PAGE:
A review of tuberculosis-related referrals among children in Ireland

Ir J Med Sci. 2010 Jun;179(2):251-4. doi: 10.1007/s11845-009-0443-0. Epub 2009 Oct 23.

Abstract

Background: Immigration has been shown to have an increasingly important effect on the epidemiology of tuberculosis (TB) in developed countries.

Aim: To review patterns of TB-related referrals to a paediatric infectious diseases clinic.

Methods: Retrospective chart review of TB-related referrals of children attending the Rainbow Clinic at OLCHC between 2003-2005.

Results: Forty-seven children were assessed: 18 referred from public health clinics, 5 from general practitioners, and 24 from paediatricians. Most common reason for referral was history of TB exposure (60%). Eighteen (38%) were female, 29 (62%) were male. Thirteen (28%) had latent TB, and 17 (36%) had active disease. Of children with TB disease, 25 (83%) were Caucasian Irish, and the remainder was African. Twenty-five children completed TB treatment and were discharged, and 2 (7%) were lost to follow-up.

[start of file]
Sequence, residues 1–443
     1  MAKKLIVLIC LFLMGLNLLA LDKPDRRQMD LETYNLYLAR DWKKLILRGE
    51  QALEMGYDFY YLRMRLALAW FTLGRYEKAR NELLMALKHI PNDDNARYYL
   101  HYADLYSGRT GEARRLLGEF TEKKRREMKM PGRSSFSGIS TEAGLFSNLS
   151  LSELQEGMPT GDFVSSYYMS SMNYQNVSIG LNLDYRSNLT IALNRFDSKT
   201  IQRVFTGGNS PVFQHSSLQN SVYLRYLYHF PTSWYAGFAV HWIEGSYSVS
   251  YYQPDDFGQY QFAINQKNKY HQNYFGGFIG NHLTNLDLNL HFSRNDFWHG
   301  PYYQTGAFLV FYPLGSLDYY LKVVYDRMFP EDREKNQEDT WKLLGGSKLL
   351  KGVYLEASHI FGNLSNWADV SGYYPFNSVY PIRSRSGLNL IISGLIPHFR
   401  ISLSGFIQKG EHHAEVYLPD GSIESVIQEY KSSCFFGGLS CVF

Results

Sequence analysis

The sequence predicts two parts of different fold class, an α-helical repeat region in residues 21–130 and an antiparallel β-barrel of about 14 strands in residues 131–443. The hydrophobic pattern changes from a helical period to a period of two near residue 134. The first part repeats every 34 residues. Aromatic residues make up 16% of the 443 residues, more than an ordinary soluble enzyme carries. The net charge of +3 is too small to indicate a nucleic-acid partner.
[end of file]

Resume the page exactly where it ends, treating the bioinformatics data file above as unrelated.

Conclusion: Our study highlights the problem of TB in children, the majority of whom are native to this country.

MeSH terms

  • Adolescent
  • Age Factors
  • Child
  • Child Welfare
  • Child, Preschool
  • Female
  • Humans
  • Infant
  • Infant, Newborn
  • Ireland / epidemiology
  • Latent Tuberculosis / diagnosis
  • Latent Tuberculosis / epidemiology*
  • Latent Tuberculosis / prevention & control
  • Male
  • Mycobacterium tuberculosis / isolation & purification*
  • Pedigree
  • Predictive Value of Tests
  • Public Health
  • Reagent Kits, Diagnostic
  • Referral and Consultation / statistics & numerical data*
  • Retrospective Studies
  • Tuberculin Test
  • Tuberculosis, Pulmonary / diagnosis
  • Tuberculosis, Pulmonary / epidemiology*
  • Tuberculosis, Pulmonary / prevention & control

Substances

  • Reagent Kits, Diagnostic